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  • BBC

UK could be left behind in the electric car race, warns report

The UK risks being left in the slow lane when it comes to building electric cars, according to a new report.

Influential green group Transport and Environment (T&E) says as recently as 2018, the UK produced roughly half of all electric cars built in Europe.

But it claims a lack of investment by UK manufacturers means that by the end of the decade that figure will have fallen to just 4%.

This comes at a time when the market is expanding rapidly.

As a result, the Brussels-based campaign group says that, despite being one of the first countries to outlaw the sale of new petrol and diesel cars, the UK will be almost wholly reliant on electric vehicles imported from abroad.

The market for electric cars remains relatively small, but it is growing rapidly, largely due to increasingly stringent emissions limits.

A number of European governments have already set targets for phasing out the sale of new petrol and diesel-powered vehicles, in their efforts to meet climate change targets.

The UK, which plans to ban the sale of most new cars with internal combustion engines by 2030, is among the most ambitious.

But according to the study by T&E, manufacturers based here are among the worst prepared for the change.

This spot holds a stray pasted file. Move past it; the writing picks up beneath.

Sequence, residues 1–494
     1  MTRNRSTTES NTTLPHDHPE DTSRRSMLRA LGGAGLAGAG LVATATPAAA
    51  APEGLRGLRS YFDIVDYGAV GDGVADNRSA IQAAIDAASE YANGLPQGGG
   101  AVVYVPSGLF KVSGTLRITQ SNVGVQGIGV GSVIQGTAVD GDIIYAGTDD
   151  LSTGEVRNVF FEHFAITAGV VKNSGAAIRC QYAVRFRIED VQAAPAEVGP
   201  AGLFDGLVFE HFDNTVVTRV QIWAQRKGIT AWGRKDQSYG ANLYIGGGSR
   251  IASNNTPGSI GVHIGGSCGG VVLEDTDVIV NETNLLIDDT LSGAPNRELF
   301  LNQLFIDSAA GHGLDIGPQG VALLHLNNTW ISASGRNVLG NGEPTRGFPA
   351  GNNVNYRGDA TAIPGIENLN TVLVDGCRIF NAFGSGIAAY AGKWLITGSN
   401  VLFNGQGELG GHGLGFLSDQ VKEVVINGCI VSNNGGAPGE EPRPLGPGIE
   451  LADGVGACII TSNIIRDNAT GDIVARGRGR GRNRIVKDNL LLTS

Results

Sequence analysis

The race for electric vehicles

T&E's report is based on information compiled by industry data specialist IHS Markit, including the carmakers' own market and production forecasts.

It concludes that by 2030, battery-powered electric cars will account for 48% of production across the 27 countries of the EU and the UK. Plug-in hybrids will make up 11%.

However, it suggests that the difference in the way manufacturers have approached the transition means that the balance of power in the industry is expected to change.

Germany is expected to remain the dominant car producer in Europe. By 2030, its output is expected to increase from 4.5 million cars a year to 5.1 million - with half of them being electric.

But the UK, it says, will see output fall from its pre-Covid level of 1.3 million cars a year to just 1 million - and only 24% are expected to be battery-powered electric vehicles.

The Society of Motor Manufacturers and Traders (SMMT), which represents the automobile industry, strongly refutes T&E's conclusions.

"The accusation that UK car makers are not preparing for the shift to electrification is utter nonsense," SMMT's chief executive Mike Hawes told the BBC.

"The UK was home to the first mass-produced electric vehicle in Europe, almost one in four cars made here this year have been either battery electric or hybrid, and British brands have publicly committed to be amongst the first anywhere to be fully electric."

He added that independent forecasts showed the UK was ramping up its production of electric vehicles and that it would be able to meet the government's net zero 2030 ambitions.

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